All fine and good. Nothing wrong with a bit of disagreement. I'll prove it: I disagree!
Do any of the following apply to what you're doing?
- You add people to an email list and start mailing them without their prior knowledge.
- Recipients on your list aren't expecting your mail.
- You bought an email list.
- You found one or more email addresses on the web and added them to your list.
Forget about Web Marketing 101, let's talk about Email Marketing 101, and how to get your email delivered.
Target it all you want, avoid including a sales pitch, whatever. But if you build a list of people who didn't ask to hear from you, and are not expecting to hear from you, you're not going to have the ability to successfully deliver to that list. It's that simple.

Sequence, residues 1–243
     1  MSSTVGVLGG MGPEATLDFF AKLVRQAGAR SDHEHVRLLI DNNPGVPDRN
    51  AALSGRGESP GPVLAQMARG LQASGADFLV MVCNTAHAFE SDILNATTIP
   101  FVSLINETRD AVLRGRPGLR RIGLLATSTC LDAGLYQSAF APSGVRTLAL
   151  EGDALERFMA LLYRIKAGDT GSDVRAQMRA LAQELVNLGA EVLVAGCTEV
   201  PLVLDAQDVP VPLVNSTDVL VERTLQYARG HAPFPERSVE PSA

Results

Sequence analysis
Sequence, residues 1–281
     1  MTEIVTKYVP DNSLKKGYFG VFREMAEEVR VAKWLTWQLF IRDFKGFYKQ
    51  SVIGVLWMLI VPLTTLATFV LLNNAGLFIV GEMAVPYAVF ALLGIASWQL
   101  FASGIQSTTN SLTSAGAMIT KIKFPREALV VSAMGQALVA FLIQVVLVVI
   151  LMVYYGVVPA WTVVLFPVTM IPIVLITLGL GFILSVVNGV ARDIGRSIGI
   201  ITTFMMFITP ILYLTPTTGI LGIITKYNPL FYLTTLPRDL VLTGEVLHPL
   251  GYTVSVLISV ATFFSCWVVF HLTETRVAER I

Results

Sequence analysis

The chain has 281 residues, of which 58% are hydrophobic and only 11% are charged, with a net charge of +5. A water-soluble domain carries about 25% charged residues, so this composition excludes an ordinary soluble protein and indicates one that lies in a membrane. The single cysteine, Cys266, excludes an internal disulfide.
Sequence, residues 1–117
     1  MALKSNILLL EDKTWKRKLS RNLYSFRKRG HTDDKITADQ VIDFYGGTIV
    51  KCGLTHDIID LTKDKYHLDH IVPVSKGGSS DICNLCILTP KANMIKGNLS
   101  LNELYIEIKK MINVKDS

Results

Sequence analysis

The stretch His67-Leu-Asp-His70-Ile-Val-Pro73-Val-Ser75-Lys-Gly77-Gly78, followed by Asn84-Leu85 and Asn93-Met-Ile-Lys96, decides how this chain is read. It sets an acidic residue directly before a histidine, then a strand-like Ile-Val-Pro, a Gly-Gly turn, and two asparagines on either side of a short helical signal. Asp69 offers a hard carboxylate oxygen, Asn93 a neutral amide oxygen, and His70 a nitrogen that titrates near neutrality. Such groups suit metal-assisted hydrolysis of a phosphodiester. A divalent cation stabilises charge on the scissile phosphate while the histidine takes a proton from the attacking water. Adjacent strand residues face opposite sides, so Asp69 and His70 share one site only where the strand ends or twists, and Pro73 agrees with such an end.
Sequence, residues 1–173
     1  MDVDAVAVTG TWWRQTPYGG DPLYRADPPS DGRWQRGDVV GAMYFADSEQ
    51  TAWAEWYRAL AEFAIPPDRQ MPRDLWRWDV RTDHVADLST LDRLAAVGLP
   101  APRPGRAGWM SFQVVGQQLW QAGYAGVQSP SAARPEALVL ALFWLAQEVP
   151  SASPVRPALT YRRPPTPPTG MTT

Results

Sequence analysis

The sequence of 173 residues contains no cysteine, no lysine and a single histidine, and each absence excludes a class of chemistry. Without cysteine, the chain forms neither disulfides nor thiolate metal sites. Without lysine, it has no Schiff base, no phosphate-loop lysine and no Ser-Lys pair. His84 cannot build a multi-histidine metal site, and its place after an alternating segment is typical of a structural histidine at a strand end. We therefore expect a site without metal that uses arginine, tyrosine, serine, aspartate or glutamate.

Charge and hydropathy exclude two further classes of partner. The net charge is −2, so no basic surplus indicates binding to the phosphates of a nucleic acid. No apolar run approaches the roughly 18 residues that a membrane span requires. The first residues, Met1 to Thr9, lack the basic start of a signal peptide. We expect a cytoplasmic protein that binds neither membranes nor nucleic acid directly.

Forget what Kevin thinks. Forget what I think. What do ISPs think? Let me clue you in: ISPs hate spam, because their users hate spam. When you send unwanted and unexpected email, recipients report it as spam in overwhelming numbers. Those spam reports significantly damage your sending reputation. Hotmail, Yahoo, and AOL will filter or reject your mail as a result. You're likely to get blacklisted by Barracuda, Spamcop, Brightmail, and Spamhaus, as a result.
In spite of a cheekily-written blog post containing a clever redefinition of what constitutes spam, permission remains key to getting your email delivered. Sure, you can get away with bypassing permission -- for a little while. Until your sending reputation catches up to you. Just because it hasn't caught up with Kevin (yet), doesn't mean it makes for a sustainable marketing model or best practice.
It seems that I'm not the only one with this viewpoint, either.